(3) To be loved and to love. For many cultures, animals serve as surrogate children, loved and taken care of. It gives Humans a chance to show compassion when they need it, and to have unconditional love when they need it. This is extremely important to many, and provides balance and centering for many.

Do animals know all this? At a basic level, they do. Not in the way you "know," but in a cellular awareness they understand that they are here in service to planet earth. If you honor them in all three instances, then balance will be the result. Your feelings about their treatment is important. Temper your reactions with the spiritual logic of their appropriateness and their service to humanity. Honor them in all three cases.

Dian Fossey's birthday celebrated with a Google doodle

Dian Fossey's birthday celebrated with a Google doodle
American zoologist played by Sigourney Weaver in the film Gorillas in the Mist would have been 82 on Thursday (16 January 2014)

Thursday, July 1, 2010

Indonesia’s Last Glacier Will Melt ‘Within Years’

Jakarta Globe, Robin McDowell, July 01, 2010

This image taken from undated video and released by the Papua Project Freeport-McMoRan, shows scientists on glaciers on Puncak Jaya in eastern Indonesia. "These glaciers are dying," Lonnie Thompson, one of the world's most accomplished glaciologists, said on Wednesday. "Before I was thinking they had a few decades, but now I'd say we're looking at years." (AP Photo/ Papua Project Freeport-McMoRan)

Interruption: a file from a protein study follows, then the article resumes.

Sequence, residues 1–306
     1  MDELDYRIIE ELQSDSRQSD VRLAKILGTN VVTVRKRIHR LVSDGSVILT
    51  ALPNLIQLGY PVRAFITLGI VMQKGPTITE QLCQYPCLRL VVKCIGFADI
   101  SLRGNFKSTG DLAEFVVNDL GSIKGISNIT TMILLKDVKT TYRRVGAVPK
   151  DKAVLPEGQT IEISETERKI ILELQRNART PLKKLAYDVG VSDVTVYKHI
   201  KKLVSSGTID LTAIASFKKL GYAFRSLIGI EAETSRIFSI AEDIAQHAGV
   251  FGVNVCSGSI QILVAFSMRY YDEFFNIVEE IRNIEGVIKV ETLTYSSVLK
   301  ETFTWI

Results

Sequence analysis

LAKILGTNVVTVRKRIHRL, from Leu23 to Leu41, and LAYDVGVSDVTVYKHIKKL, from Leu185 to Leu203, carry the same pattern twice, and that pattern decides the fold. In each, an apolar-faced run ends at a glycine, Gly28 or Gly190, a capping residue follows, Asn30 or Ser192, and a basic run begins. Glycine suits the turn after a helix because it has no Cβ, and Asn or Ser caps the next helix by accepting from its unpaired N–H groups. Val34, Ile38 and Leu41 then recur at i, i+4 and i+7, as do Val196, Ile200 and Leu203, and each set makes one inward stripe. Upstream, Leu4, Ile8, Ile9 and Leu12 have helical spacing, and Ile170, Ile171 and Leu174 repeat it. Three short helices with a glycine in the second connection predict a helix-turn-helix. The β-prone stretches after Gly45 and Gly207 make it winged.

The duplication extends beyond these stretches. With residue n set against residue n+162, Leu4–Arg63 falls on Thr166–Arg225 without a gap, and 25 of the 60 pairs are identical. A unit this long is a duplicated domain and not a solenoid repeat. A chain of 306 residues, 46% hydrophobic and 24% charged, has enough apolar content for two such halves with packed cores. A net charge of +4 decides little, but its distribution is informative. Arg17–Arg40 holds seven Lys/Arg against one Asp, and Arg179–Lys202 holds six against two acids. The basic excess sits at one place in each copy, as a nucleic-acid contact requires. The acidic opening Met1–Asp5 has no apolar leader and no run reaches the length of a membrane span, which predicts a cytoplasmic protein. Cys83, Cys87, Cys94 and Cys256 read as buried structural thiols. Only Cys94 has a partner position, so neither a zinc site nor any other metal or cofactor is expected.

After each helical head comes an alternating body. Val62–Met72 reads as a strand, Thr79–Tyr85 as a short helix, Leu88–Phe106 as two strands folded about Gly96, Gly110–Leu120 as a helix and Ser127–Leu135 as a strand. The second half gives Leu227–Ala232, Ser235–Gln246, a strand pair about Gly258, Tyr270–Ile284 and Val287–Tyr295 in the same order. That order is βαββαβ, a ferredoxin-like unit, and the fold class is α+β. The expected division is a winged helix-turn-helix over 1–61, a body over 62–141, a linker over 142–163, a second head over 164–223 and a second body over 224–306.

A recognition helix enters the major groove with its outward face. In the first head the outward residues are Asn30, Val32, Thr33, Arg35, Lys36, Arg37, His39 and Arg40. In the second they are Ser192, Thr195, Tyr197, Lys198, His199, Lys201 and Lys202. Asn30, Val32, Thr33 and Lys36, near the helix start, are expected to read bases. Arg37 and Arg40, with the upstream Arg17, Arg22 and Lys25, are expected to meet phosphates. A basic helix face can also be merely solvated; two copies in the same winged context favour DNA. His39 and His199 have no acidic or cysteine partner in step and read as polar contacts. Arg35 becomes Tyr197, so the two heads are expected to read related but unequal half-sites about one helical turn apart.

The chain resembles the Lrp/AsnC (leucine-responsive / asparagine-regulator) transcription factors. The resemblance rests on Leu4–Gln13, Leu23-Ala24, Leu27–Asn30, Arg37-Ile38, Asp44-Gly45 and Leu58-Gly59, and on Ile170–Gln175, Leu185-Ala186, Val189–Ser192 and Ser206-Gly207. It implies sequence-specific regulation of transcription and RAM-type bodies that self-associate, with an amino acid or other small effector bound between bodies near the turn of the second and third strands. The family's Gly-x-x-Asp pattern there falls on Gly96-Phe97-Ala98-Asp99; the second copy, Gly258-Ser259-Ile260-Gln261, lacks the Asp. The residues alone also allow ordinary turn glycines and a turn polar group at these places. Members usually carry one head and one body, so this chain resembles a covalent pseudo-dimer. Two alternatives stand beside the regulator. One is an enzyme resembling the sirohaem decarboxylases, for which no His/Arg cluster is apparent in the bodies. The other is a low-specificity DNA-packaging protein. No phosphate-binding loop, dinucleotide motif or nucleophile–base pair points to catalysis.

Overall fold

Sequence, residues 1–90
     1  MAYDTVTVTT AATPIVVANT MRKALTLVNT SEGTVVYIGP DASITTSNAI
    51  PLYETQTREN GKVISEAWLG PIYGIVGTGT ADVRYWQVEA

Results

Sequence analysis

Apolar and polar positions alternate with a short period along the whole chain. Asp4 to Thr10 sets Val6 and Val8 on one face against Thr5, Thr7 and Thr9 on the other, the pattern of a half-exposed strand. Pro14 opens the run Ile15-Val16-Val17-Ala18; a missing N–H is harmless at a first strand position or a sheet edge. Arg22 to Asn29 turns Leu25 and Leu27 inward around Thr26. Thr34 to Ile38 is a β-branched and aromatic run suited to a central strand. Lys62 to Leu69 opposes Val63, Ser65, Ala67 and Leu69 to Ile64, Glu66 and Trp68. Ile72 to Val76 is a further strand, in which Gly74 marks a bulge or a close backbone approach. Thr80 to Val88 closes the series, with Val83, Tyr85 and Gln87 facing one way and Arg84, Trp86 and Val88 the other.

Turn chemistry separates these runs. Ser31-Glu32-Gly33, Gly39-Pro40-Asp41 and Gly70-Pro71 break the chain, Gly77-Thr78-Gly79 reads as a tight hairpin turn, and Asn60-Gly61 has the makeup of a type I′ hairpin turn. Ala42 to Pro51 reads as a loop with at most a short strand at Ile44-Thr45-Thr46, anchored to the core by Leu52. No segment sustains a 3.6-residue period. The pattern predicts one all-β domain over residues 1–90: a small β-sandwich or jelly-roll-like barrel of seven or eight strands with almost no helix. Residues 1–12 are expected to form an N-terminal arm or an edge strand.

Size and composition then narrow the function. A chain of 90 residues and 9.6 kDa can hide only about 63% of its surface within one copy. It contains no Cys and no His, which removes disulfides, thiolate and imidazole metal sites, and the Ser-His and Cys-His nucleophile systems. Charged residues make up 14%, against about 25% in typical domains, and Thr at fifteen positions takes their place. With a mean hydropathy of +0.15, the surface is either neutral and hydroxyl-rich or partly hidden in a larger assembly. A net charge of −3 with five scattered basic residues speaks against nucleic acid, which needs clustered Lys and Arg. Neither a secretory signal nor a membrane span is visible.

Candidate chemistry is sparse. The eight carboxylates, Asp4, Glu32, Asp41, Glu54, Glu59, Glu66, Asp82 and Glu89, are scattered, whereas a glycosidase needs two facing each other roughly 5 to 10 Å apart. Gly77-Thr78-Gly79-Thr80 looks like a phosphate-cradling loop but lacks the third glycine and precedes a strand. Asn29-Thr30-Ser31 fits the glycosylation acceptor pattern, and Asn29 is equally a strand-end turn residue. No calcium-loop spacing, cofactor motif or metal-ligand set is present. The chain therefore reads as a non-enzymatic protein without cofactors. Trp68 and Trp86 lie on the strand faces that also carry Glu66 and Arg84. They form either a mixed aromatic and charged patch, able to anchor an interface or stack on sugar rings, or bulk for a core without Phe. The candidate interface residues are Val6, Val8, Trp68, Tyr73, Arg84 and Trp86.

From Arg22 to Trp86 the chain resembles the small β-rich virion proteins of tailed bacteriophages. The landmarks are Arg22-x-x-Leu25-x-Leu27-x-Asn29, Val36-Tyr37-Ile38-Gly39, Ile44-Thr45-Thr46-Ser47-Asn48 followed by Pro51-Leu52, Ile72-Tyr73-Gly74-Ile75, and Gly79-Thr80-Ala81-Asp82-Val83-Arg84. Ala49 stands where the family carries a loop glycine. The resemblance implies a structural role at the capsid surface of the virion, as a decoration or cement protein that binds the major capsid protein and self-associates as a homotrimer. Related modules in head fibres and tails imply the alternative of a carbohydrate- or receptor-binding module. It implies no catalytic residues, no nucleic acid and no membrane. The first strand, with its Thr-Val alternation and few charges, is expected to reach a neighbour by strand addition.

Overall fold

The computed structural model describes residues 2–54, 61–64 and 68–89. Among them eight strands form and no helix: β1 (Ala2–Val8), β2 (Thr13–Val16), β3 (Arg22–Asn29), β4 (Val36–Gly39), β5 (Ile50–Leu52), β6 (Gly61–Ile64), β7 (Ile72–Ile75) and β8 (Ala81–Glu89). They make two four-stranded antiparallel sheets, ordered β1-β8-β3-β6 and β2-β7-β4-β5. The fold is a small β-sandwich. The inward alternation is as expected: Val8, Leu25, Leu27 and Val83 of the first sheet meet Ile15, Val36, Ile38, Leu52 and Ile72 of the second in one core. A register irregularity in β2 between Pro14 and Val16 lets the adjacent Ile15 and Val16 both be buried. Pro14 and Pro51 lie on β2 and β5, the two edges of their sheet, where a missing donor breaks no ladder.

Lonnie Thompson spent years preparing for his expedition to the remote, mist-shrouded mountains of eastern Indonesia, hoping to chronicle the affect of global warming on the last remaining glacier in the Pacific. He’s worried he got there too late.

Even as he pitched his tent on top of Puncak Jaya, the ice was melting beneath him.

The 4,884-meter-high glacier was pounded by rain every afternoon during the team’s 13-day trip, something the American scientist has never encountered in three decades of drilling ice cores. He lay awake at night listening to the water gushing beneath him.

By the time they were ready to head home, ice around their sheltered campsite had melted a staggering 12 inches (30 centimeters).

“These glaciers are dying,” said Thompson, one of the world’s most accomplished glaciologists. “Before I was thinking they had a few decades, but now I’d say we’re looking at years.”

Thompson has led 57 such expeditions in 16 countries around the planet, from China to Peru.

But for him, the Papuan glaciers, because they lie along the fringe of the world’s warmest ocean and could provide clues about regional weather patterns, were an unexplored “missing link.”

It is this region that generates El Nino disturbances and influences climate from India’s monsoons to the Amazon’s droughts.